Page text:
Making audio and video more interactive online (?)
I spent an interesting day at a Digital Storytelling Unconference last weekend, out at the Network Hub in New Westminster’s impressive River Market. [Thanks to Raul and Denim and Steel for the ticket.]
One of the most surprising things for me was how many different professions it brought together — game designers, educators, urban planners, etc. — all with their own cultures and skills around storytelling. So, concepts like detail and tension in narrative that are well-trod in journalism were being explored with new eyes and vocabulary.
Meanwhile, I got my mind a little blown by things I know very little about but find fascinating — like storytelling and interactive dialogue in videogames (in talks by Todd and Deirdra, respectively).
In all, it felt like the beginning of many more conversations to come.
Interactive audio + video?
I was lucky enough to facilitate a discussion about interactive video and audio online; what works and where it might go.
This is something I’m currently thinking about at work, on two fronts.
First, we create a lot of audio and video every day (for radio and TV, of course) and only a fraction of it ends up on our site in a way that it can be found, shared and discussed, because of the effort it takes to translate the radio and TV into text-based stories. For me, when I report a story and it doesn’t end up online, it feels as though it never happened. So how could we post more, well?
Second, I wonder whether the audio and video we do post could be more interactive, or evolve somehow for the digital realm.
Across the web, it seems the main interactivity for audio and video is commenting and pressing play. That has given us a different (time-shifted, shareable) delivery system for audio and video — but what about new ways of storytelling online?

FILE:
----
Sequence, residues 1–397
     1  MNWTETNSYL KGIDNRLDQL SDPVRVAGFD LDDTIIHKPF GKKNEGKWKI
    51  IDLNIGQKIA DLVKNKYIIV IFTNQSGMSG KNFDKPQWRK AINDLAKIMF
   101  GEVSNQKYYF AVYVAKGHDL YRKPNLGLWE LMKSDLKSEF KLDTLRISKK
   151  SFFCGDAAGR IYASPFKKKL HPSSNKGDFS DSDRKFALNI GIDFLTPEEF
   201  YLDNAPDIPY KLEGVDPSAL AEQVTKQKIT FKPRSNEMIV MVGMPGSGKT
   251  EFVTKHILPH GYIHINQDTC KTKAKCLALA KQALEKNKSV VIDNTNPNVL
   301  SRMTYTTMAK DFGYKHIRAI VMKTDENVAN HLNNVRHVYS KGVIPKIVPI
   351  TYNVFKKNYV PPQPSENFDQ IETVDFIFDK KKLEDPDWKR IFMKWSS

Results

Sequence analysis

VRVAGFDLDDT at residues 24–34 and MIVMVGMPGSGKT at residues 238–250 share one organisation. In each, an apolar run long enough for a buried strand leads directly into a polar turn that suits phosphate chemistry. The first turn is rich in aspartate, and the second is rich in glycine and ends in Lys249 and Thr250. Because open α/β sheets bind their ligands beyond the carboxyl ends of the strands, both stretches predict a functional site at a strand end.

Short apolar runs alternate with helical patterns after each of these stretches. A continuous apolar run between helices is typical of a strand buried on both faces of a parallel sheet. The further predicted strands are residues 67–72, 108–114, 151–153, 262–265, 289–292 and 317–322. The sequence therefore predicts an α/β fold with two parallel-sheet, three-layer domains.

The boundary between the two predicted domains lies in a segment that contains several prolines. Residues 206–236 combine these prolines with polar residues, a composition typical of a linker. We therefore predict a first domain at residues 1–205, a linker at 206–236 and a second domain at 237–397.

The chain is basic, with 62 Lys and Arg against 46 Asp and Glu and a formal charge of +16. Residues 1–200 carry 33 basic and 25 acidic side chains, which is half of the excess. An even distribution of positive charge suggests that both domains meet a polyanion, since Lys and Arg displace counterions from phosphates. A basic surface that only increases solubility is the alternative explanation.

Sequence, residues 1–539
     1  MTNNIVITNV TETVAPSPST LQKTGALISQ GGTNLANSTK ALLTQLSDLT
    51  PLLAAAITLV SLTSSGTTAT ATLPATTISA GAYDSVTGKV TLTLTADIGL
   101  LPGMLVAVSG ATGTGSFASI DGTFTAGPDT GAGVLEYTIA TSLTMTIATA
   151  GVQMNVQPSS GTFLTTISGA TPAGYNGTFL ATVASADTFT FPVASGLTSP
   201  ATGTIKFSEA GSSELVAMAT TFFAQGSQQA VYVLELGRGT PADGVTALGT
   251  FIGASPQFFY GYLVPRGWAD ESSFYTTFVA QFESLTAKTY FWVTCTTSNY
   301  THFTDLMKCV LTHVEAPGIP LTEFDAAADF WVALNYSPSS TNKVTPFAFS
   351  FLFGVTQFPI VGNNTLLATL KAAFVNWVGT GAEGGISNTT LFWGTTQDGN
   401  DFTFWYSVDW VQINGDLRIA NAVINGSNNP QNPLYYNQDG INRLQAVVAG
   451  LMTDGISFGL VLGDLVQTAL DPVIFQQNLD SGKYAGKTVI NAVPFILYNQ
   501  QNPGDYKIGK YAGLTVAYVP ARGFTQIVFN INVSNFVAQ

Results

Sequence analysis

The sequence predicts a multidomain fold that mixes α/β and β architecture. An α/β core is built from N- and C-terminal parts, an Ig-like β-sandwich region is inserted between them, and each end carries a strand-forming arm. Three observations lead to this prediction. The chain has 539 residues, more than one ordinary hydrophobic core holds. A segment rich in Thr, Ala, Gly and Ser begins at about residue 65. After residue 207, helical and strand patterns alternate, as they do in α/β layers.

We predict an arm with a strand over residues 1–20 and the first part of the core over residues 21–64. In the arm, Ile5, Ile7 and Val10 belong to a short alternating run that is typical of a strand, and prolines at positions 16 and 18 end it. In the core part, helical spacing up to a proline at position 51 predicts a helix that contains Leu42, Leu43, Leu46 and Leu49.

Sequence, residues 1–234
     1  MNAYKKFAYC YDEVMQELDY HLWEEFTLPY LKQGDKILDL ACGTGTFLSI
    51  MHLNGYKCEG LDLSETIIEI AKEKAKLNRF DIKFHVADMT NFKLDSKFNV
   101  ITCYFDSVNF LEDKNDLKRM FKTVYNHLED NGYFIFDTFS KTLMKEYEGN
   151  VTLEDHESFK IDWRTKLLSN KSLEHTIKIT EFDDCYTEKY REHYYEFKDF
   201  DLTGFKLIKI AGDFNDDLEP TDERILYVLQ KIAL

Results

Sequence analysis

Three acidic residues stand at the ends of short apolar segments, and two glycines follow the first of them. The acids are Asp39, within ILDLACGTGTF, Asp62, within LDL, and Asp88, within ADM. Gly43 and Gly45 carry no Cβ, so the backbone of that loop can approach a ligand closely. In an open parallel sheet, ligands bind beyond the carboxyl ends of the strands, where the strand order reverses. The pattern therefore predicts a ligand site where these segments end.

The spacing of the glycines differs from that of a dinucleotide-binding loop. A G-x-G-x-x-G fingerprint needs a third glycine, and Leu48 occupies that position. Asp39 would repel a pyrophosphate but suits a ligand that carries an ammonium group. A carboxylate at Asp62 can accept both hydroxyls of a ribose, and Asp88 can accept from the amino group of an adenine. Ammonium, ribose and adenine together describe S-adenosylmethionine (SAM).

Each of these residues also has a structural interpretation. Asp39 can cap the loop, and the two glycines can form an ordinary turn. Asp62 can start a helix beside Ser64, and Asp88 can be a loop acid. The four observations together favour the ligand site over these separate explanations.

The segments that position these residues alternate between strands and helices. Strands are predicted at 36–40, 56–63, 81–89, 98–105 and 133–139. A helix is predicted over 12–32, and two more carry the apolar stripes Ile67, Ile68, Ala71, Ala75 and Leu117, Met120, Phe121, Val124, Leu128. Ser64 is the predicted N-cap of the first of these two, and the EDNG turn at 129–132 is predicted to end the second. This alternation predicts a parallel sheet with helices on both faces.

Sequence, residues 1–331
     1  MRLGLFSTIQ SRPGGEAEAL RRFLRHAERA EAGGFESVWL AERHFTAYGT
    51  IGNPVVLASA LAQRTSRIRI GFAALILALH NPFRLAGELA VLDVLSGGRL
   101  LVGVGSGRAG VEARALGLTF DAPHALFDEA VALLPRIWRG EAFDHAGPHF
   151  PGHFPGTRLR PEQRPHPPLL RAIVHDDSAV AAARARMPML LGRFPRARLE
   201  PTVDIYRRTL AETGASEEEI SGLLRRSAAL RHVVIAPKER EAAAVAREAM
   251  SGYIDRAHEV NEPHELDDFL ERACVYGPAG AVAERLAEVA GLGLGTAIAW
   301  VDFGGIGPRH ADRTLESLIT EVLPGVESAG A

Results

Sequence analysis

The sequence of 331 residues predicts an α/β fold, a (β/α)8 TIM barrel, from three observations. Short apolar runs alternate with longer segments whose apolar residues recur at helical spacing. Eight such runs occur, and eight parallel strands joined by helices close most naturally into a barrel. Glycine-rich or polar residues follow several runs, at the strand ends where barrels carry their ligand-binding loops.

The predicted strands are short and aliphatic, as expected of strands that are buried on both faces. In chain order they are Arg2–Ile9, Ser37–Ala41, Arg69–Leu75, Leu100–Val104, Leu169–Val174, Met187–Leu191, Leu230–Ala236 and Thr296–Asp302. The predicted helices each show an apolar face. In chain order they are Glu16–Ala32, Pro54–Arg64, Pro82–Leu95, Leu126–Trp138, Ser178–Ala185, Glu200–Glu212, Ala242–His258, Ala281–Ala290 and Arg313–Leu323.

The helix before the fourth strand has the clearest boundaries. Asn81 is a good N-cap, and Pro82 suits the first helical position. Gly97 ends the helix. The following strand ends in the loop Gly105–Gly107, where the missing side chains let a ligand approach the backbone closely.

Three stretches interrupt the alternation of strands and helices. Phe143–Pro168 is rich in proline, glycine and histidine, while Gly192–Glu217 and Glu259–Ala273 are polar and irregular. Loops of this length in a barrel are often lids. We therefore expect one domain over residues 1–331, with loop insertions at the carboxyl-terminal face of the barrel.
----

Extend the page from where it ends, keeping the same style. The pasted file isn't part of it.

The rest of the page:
In our short brainstorm, it’s not a problem we solved, but here’s where the discussion went.
Linear v. interactive
The group agreed: it can be harder to commit to watching a video than reading the same amount of information in text online, because you can’t move at your own pace.
So, to click on video or audio you need a reason to buy in. Such as:
The favourite online interactives that people mentioned are interestingly ones you can zip through, at-will:
It’s a big project; 54 minutes with eight annotated chapters. But what’s cool — and could be appropriated by much smaller video projects given the right code — is offering related information (bios? maps? charts?) for each piece of the video. The information appears in tabs below, as you watch.
Other sessions at the Unconference piqued my interest on what’s to come for games-based storytelling. Most of the examples were either fictional or educational, so I’m curious if anyone knows about news “games” created on deadline to check out.
Also of note: the speed and transparency encouraged online have already led some broadcasters (like CBC’s Spark) to gather input before they actually record tape, to find out what listeners want to ask of experts on willpower or data visualization or what have you. Maybe you know of other types of pre-broadcast interactivity?
Dale suggested remixing the traditional newscast into a sort of curated playlist. He’d noticed how his news interests align more with individual reporters he follows on Twitter, than what’s delivered to a general audience, so he’d want to watch those beat reporters’ picks from the ‘cast. Maybe the future will hold different remixes of a news show?
Maybe someone will build a cool drag-and-drop annotated video widget? That would be neat. Otherwise, I’m eager to hear any suggestions or examples of cool audio and video use online — no matter how complicated, aspirational, or non-journalistic.